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Henry Wadsworth Longfellow, ed. Poems of Places: An Anthology in 31 Volumes.
Spain, Portugal, Belgium, and Holland: Vols. XIV–XV. 1876–79.

Spain: Rio Verde

The Rio Verde

By From the Spanish

  • Translated by Bishop Percy
  • This wild oleander-fringed mountain-torrent is translated by Bishop Percy as a “gentle river with willowed shore”: assuredly the prelate never crossed it, as we have done, when swollen by a heavy rain; but as he said “green would not sound well,” what would he have done with the Red Sea? This river is one of sad recollections in the ballads of Spain. On the hills above, Alonzo de Aguilar, with the flower of Andalucian chivalry, was waylaid and put to death by El Feri of Benastapar.—Murray’s Handbook of Spain.

  • GENTLE river, gentle river,

    Lo, thy streams are stained with gore,

    Many a brave and noble captain

    Floats along thy willowed shore.

    All beside thy limpid waters,

    All beside thy sands so bright,

    Moorish Chiefs and Christian Warriors

    Joined in fierce and mortal fight.

    Lords and dukes and noble princes

    On thy fatal banks were slain:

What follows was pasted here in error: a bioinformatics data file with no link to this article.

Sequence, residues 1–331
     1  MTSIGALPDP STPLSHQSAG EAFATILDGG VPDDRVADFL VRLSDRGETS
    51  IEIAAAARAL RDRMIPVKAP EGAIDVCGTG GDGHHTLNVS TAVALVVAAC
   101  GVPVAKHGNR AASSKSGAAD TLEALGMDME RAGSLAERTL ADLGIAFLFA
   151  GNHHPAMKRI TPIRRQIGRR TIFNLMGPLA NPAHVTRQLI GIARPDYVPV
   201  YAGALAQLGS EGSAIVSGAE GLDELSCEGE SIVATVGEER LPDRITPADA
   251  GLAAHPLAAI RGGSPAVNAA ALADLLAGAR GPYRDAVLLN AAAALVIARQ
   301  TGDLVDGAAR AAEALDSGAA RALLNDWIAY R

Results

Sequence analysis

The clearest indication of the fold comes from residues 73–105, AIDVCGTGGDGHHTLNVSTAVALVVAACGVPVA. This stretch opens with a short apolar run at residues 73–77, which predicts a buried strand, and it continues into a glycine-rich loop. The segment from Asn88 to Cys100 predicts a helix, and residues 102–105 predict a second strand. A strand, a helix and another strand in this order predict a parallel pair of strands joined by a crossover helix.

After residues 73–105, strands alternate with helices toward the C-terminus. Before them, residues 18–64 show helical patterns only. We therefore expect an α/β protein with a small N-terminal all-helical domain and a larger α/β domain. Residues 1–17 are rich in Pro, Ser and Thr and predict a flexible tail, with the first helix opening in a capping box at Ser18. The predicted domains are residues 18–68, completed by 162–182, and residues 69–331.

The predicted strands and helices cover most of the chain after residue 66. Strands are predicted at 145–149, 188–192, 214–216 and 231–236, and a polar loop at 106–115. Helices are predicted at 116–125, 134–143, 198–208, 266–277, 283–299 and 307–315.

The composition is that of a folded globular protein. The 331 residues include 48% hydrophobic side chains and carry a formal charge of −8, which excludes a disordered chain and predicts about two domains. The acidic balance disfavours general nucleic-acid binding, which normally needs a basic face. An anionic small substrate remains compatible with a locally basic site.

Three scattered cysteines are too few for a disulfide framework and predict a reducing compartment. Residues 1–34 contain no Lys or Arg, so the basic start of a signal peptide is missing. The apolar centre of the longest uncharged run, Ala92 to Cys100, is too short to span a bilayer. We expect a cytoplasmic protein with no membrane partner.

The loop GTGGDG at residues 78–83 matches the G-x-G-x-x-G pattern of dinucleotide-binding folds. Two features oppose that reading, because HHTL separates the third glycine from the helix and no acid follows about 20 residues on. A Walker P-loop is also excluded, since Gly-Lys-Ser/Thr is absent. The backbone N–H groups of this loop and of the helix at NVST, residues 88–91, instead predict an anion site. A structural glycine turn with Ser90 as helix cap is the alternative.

Fatal banks that gave to slaughter

    All the pride and flower of Spain.

    There the hero, brave Alonzo,

    Full of wounds and glory, died:

    There the fearless Urdiales

    Fell a victim by his side.

    Lo! where yonder Don Saavedra

    Through their squadrons slow retires;

    Proud Seville, his native city,

    Proud Seville his worth admires.

    Close behind a Renegado

    Loudly shouts with taunting cry:

    “Yield thee, yield thee, Don Saavedra,

    Dost thou from the battle fly?

    “Well I know thee, haughty Christian,

    Long I lived beneath thy roof;

    Oft I ’ve in the lists of glory

    Seen thee win the prize of proof.

    “Well I know thy aged parents,

    Well thy blooming bride I know;

    Seven years I was thy captive,

    Seven years of pain and woe.

    “May our prophet grant my wishes!

    Haughty chief, thou shalt be mine:

    Thou shalt drink that cup of sorrow

    Which I drank when I was thine.”

    Like a lion turns the warrior,

    Back he sends an angry glare:

    Whizzing came the Moorish javelin,

    Vainly whizzing through the air.

    Back the hero full of fury

    Sent a deep and mortal wound:

    Instant sunk the Renegado,

    Mute and lifeless on the ground.

    With a thousand Moors surrounded,

    Brave Saavedra stands at bay:

    Wearied out, but never daunted,

    Cold at length the warrior lay.

    Near him fighting great Alonzo

    Stout resists the Paynim bands;

    From his slaughtered steed dismounted

    Firm entrenched behind him stands.

    Furious press the hostile squadron,

    Furious he repels their rage:

    Loss of blood at length enfeebles:

    Who can war with thousands wage!

    Where yon rock the plain o’ershadows,

    Close beneath its foot retired,

    Fainting sunk the bleeding hero,

    And without a groan expired.